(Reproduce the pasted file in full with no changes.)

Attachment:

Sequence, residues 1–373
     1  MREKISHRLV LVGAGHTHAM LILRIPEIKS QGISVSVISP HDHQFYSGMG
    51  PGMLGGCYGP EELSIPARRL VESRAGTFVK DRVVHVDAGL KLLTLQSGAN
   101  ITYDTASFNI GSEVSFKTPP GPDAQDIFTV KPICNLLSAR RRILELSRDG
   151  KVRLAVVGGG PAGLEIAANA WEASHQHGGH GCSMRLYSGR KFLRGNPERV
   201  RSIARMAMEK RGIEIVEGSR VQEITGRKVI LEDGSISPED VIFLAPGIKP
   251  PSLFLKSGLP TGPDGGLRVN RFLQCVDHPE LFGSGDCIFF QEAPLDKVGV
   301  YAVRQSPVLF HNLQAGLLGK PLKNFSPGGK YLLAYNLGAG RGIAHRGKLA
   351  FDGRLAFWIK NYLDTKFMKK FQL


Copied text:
Sequence, residues 1–373
     1  MREKISHRLV LVGAGHTHAM LILRIPEIKS QGISVSVISP HDHQFYSGMG
    51  PGMLGGCYGP EELSIPARRL VESRAGTFVK DRVVHVDAGL KLLTLQSGAN
   101  ITYDTASFNI GSEVSFKTPP GPDAQDIFTV KPICNLLSAR RRILELSRDG
   151  KVRLAVVGGG PAGLEIAANA WEASHQHGGH GCSMRLYSGR KFLRGNPERV
   201  RSIARMAMEK RGIEIVEGSR VQEITGRKVI LEDGSISPED VIFLAPGIKP
   251  PSLFLKSGLP TGPDGGLRVN RFLQCVDHPE LFGSGDCIFF QEAPLDKVGV
   301  YAVRQSPVLF HNLQAGLLGK PLKNFSPGGK YLLAYNLGAG RGIAHRGKLA
   351  FDGRLAFWIK NYLDTKFMKK FQL